By Joshua Phelps
The Scene staff
It’s a situation of he-said, she-said between St. Louis Community College and adjunct professor Steve Taylor.
Taylor, a union activist, and his supporters say he was simply voicing his opinion at an STLCC board meeting when a college police officer tackled, handcuffed, injured and arrested him on Oct. 19.
“I was approached and grabbed from behind,” Taylor said. “No one introduced themselves as law enforcement to me until I was on the ground.”
The college had a different interpretation. A statement emailed on Oct. 20 said Taylor disrupted the board meeting, refused to leave when asked to do so and charged toward a table where board members and the chancellor were sitting.
“College police responded by restraining the individual before he reached the table,” the statement read. “The individual was subsequently arrested by St. Louis Metropolitan Police.”
Before the meeting, Taylor taught math on the Wildwood campus. He also was a member of Service Employees International Union and its adjunct bargaining committee.
In a telephone interview with The Scene on Oct. 24, Taylor declined to discuss his job status, saying his attorney had advised against it.
The St. Louis Post-Dispatch reported that Taylor received a “notification of no trespass” from the college and he assumed that meant he was fired, but a college spokeswoman told the newspaper he was still employed.
“We can’t talk about this because it’s a personnel issue,” Chancellor Jeff Pittman told The Scene. “We have to stand by our statement.”
‘No contract, no peace’
STLCC’s adjunct faculty voted to unionize in the fall of 2015 and started contract negotiations in the spring of 2016. However, an agreement hasn’t been reached, mostly due to job security and pay issues.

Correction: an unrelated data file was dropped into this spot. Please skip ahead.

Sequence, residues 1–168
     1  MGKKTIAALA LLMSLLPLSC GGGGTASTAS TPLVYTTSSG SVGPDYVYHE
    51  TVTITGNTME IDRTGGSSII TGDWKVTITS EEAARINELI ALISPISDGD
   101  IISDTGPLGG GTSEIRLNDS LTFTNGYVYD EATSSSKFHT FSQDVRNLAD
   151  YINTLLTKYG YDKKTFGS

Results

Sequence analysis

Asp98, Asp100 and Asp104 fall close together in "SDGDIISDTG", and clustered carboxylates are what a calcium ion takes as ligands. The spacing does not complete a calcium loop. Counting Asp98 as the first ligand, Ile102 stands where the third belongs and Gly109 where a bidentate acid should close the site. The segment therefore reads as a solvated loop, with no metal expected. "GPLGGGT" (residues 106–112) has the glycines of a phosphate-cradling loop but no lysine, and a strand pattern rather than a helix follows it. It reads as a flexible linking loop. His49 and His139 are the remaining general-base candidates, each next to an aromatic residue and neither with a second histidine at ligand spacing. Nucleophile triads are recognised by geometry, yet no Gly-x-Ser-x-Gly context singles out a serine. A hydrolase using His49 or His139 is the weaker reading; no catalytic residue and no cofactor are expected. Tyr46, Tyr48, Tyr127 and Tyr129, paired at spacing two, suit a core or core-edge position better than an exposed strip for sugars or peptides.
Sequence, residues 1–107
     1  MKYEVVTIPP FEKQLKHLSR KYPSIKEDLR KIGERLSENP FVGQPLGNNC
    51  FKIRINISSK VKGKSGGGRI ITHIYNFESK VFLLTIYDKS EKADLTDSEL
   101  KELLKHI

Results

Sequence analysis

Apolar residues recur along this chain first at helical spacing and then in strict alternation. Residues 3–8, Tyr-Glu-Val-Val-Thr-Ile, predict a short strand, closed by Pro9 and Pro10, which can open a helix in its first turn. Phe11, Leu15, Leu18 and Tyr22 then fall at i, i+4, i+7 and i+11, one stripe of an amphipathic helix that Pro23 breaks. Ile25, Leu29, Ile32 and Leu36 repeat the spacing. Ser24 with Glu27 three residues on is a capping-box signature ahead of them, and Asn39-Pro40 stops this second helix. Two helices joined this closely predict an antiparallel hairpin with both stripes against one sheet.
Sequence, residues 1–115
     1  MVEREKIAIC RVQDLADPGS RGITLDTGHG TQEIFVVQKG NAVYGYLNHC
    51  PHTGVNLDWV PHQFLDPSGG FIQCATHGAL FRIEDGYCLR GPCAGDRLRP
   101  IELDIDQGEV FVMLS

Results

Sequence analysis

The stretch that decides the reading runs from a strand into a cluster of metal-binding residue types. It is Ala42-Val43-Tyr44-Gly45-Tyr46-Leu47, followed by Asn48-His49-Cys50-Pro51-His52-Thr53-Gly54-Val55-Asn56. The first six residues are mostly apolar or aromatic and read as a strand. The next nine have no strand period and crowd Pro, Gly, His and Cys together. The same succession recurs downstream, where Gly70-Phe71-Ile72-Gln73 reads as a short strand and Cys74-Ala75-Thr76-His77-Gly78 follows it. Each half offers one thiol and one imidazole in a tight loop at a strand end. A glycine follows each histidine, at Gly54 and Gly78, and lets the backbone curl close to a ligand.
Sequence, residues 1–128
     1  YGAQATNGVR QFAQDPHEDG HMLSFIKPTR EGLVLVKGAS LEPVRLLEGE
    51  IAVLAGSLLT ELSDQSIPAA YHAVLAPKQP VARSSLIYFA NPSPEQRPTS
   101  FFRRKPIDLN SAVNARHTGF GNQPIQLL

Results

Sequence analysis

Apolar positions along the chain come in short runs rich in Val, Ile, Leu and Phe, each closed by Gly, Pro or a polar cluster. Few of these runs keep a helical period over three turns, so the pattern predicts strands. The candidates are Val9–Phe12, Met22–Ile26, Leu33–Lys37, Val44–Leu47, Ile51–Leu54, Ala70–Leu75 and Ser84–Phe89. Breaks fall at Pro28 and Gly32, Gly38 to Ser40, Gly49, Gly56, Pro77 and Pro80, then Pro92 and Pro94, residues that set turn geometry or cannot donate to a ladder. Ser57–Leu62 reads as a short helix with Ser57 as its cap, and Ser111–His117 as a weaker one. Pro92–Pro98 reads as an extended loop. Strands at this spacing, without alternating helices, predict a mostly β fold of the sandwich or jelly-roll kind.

Tempers flared Oct. 23, when nearly 40 students and adjuncts marched with signs on the Meramec campus. They chanted, “If we don’t get it, shut it down,” and No contract, no peace,” prompting drivers on Big Bend to honk their horns in support.
Protesters marched to the administration office with a giant report card giving Pittman an “F” for commitment to students and faculty and an “A” for prioritizing buildings over people.
At one point, students faced off with Meramec Provost Carol Lupardus, who told them, “The adjuncts are currently in negotiations with the district.”
Students then drowned out her words by yelling, “That’s outrageous,” “I don’t want any sound bites from you,” and “Stand with us.” Lupardus was led away by a college police officer.
“If we don’t have faculty, then we have no programs because of lack of students,” said adjunct supporter Corey Anderson, 27, a music education major. “They need stability. That’s why I’m here for my instructors.”
Taylor didn’t participate in the march, but Forest Park art professor Brett Williams did. He’s an adjunct and member of the SEIU bargaining committee.
Williams also attended the board meeting where Taylor was arrested. He said Taylor didn’t charge toward the board, but that police tripped him, causing him to fall.
Williams described the action as “police brutality” and compared it to treatment of Black Lives Matter supporters in recent years.
“Police are out of control,” he said. “They are attacking professors at board meetings. They are attacking people on the streets. And for the community college not to react to that and not come to the professor’s side, I think that’s outrageous.”
Meeting video captures chaos